Why the Public Option is Doomed To Fail, and What Can Be Done About It.
by BAR managing editor Bruce A. Dixon
To begin with, there are no less than three versions of the public option.
Some highly profitable and job creating industries simply cannot be reformed. Slavery and child labor cannot not be made humane and reasonable, not with kind and solicitous masters or school and limited hours for the kids. Allowing souless and greedy corporations to collect a toll for standing between patients and doctors is immoral, uneconomical, and just plain wrong. But it's not illegal. Not in the US, at any rate, not yet.
The issue in health care reform today is how much longer and under what conditions private insurance companies will be allowed to collect tolls for rationing and denying health care. The public option is a cruel and cynical hoax inside of a much larger scam. The great scam is the substitution on the part of the president and his party, of health insurance reform for their campaign promise of universal health care for all Americans. The public option is, at bottom, an excuse not to abolish the role of private insurance death panels and toll collectors in the nation's health care system.
Nobody can read the president's mind, but he did promise to construct health care legislation in an open and transparent manner, even "on C-SPAN." Instead, Obama handed off the drafting of health care legislation to five House and three Senate committees. The most generous view is that he did this to give legislators a stake in the bills, and because there is this thing called the separation of powers between the executive and legislative branches.
Another view is that the embedded influence of Big Insurance, Big Pharma, and Big Medicine were easier to conceal when spread out over several committees, where the lobbyists are themselves former congressmen, senators and their top staffers, and many current members and staff look forward to the same career paths. These are the men and women who wrote what is and will be the president's health insurance reform legislation. The result has been a half dozen versions of a thousand-plus page bill, chock full, as Rolling Stone's Matt Taibi points out, of deliberately obscure references to other legislation. Nobody can authoritatively claim to have read, much less understand all of it. And that's just the way insurance companies and the president like it. HR 676, the Enhanced Medicare For All Act, which does provide universal coverage at reasonable cost, comes in at under thirty pages.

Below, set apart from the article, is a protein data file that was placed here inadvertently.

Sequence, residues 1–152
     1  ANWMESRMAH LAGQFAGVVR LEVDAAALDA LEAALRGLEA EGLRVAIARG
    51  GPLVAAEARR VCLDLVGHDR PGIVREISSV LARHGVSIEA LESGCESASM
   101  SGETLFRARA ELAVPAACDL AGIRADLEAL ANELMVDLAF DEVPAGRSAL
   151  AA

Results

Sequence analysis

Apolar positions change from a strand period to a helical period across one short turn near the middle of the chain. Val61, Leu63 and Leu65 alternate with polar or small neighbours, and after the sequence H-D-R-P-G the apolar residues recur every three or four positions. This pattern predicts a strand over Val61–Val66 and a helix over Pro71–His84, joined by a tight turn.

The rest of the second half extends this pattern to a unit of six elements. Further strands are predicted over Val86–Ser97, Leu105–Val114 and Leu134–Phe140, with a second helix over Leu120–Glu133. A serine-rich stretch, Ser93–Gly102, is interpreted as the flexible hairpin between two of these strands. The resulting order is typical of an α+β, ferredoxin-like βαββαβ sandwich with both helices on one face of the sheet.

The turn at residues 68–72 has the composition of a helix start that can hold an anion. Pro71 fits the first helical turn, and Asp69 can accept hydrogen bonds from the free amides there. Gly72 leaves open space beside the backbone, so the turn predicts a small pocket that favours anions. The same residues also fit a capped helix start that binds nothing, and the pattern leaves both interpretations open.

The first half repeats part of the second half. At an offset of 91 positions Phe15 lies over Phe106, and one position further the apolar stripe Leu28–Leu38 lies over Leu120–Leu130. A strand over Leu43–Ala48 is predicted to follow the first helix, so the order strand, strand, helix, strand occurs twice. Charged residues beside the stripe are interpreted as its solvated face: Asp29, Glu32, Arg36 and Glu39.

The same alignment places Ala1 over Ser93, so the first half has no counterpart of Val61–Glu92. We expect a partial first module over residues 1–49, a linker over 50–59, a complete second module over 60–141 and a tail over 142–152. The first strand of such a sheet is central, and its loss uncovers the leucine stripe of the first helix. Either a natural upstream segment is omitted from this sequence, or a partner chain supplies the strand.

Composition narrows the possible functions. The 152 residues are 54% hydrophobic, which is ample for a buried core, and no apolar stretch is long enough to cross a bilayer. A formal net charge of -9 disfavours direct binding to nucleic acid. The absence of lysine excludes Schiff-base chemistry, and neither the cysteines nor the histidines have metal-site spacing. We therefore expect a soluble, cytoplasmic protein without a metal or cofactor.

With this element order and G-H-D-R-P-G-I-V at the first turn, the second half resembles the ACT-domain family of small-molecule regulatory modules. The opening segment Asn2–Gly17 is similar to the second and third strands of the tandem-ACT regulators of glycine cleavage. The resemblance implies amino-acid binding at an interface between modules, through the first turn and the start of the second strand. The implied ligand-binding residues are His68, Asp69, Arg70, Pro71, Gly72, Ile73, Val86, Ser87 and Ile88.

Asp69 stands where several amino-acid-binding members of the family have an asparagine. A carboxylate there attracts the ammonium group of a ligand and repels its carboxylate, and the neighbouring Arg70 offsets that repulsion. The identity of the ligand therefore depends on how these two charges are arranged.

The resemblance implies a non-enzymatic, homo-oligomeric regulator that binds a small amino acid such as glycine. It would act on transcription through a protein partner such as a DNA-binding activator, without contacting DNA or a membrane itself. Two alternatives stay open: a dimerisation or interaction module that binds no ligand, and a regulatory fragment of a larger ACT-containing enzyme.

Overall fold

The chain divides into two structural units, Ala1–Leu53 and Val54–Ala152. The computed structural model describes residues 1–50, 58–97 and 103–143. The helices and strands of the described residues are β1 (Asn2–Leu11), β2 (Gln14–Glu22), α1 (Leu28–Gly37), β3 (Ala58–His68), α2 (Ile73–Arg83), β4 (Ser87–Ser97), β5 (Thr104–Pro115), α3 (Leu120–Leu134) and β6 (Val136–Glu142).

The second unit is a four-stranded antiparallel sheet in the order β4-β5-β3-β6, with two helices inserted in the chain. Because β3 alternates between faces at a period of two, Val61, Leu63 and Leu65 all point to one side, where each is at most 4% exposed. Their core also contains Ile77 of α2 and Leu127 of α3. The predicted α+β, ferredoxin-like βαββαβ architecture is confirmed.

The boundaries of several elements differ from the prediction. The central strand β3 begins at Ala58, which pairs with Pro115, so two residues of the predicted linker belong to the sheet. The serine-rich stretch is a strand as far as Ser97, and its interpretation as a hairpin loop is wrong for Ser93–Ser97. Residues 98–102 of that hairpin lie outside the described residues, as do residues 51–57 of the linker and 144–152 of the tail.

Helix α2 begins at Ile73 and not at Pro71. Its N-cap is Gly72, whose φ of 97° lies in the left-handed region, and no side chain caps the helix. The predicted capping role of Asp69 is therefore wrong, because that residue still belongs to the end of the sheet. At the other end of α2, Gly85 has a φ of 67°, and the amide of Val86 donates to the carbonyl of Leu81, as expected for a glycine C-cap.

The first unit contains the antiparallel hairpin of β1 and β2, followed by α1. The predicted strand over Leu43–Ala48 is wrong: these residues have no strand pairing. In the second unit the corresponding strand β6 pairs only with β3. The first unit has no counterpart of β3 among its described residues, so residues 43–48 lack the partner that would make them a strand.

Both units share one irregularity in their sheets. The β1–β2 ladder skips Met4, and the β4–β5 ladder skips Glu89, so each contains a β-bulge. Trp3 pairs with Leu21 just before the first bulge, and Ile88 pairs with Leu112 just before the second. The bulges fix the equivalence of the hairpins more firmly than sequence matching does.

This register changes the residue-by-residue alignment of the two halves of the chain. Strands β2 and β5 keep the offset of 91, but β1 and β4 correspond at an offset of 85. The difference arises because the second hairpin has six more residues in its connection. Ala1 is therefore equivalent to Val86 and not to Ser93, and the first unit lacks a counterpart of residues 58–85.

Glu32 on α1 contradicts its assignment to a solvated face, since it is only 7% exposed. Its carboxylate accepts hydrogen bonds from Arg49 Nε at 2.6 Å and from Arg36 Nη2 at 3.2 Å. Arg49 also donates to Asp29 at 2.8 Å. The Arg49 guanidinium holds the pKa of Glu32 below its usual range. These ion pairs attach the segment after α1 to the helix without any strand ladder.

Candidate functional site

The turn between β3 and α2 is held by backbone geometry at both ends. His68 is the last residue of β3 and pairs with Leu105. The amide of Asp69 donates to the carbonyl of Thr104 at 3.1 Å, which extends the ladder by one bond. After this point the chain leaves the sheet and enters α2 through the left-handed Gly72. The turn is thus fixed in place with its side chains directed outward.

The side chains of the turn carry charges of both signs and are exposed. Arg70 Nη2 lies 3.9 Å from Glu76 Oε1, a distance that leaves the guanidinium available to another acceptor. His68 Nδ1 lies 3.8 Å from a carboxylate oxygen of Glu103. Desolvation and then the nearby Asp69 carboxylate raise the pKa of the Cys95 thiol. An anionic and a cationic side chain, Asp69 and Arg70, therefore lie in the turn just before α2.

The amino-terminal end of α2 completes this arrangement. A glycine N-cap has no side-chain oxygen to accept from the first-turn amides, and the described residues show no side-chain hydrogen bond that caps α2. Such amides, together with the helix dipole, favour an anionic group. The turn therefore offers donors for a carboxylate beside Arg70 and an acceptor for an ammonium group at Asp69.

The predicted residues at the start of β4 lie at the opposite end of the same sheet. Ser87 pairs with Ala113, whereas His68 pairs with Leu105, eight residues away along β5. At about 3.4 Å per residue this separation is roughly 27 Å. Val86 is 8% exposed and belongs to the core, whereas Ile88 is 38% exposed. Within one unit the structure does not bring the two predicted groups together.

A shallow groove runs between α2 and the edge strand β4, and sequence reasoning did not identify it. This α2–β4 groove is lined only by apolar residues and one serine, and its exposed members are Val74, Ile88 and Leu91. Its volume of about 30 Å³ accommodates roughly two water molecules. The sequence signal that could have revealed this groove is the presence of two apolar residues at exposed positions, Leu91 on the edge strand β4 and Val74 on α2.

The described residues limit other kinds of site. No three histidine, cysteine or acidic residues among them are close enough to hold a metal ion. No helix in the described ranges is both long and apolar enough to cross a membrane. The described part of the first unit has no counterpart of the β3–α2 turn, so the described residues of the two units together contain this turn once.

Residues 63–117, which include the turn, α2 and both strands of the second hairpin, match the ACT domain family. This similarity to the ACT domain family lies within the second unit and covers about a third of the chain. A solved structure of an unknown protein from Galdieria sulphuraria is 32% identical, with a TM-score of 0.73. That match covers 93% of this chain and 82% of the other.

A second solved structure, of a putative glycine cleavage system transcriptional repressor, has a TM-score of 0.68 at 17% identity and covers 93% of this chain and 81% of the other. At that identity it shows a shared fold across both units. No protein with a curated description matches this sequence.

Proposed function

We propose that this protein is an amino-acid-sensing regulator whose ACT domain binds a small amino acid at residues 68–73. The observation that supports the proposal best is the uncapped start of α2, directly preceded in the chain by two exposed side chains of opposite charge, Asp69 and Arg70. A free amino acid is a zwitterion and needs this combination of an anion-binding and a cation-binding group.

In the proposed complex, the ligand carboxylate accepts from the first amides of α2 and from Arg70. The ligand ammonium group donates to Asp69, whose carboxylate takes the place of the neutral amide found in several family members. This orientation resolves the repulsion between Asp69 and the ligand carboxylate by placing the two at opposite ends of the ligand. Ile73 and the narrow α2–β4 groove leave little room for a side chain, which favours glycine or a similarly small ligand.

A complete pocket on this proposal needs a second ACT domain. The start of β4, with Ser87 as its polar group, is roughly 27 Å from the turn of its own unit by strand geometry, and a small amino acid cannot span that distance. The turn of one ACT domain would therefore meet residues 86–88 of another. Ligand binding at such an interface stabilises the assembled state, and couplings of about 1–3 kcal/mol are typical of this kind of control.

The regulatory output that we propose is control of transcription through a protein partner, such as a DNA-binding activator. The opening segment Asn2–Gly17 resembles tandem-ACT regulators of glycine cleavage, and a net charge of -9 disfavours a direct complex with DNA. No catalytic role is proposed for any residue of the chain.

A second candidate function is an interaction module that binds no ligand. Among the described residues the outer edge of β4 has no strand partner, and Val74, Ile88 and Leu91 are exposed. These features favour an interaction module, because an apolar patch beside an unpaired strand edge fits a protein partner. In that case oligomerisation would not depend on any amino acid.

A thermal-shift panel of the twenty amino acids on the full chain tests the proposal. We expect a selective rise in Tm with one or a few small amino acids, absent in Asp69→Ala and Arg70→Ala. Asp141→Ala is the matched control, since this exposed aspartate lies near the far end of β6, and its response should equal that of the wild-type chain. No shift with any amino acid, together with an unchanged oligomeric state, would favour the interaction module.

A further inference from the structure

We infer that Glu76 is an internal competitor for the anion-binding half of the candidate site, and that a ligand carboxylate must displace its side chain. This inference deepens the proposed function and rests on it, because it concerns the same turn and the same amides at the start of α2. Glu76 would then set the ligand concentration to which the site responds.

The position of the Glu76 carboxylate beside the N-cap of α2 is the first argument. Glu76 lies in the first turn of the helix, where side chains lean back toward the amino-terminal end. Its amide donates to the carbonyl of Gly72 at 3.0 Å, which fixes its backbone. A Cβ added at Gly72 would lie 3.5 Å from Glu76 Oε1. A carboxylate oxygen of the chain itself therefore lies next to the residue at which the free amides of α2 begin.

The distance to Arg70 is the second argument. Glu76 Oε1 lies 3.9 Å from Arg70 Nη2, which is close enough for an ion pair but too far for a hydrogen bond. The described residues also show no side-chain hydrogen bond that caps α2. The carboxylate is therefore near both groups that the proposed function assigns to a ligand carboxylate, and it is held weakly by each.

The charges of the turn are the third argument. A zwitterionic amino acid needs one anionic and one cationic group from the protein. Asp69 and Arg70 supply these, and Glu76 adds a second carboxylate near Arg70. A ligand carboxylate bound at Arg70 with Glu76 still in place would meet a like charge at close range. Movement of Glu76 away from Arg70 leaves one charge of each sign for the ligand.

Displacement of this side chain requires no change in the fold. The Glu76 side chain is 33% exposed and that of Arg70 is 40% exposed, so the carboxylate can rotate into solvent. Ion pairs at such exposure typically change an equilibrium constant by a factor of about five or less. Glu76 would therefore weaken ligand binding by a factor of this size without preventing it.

"The second version of the public option is all too real."
To begin with, there are no less than three versions of the public option. The first is an imaginary public option first conceived by Political Science grad student Jacob Hatcher in 2001. It was to postpone the death of private insurance companies by forcing them to compete with a publicly funded insurer open to all comers which would drive their prices downward. This imaginary public option has never been written into law, and is not under consideration in Congress this year. It lives pretty much in the minds of the public and the lips of the Congressional Progressive Caucus, MoveOn.Org and many others. It's in the mouth of Howard Dean, who says it will be just like Medicare, only available to everybody. To distinguish it from the President Obama's version, it is usually called "the robust public option."
The second version of the public option is not imaginary, it is all too real. President Obama explicitly outlined its contours in his health care address earlier this month. Unlike the expansive and inclusive imaginary public option championed by MoveOn.Org, the president's public option will be stingy, means-tested, socially divisive, actuarially unsound and doomed to failure, unless its objective is simply to discredit the word "public" in the term "public option." The president has said it will be limited to 5% of the nation's population, those Americans too poor to afford the cheapest insurance available on his regulated "insurance exchanges" which won't be fully implemented anyway till 2013. Those making more than a very small wage will be ineligible for the president's version of the public option, and those who currently get insurance from their employers, no matter how skimpy the coverage, how high the co-pays and deductibles, will also not qualify. Those who receive relatively good (or maybe not so good) coverage from their employers will pay a special tax to support both the public option and the subsidies the government will pay to enable others not quite poor enough for the public option to fulfill their legal obligation to buy shoddy insurance from private vendors.
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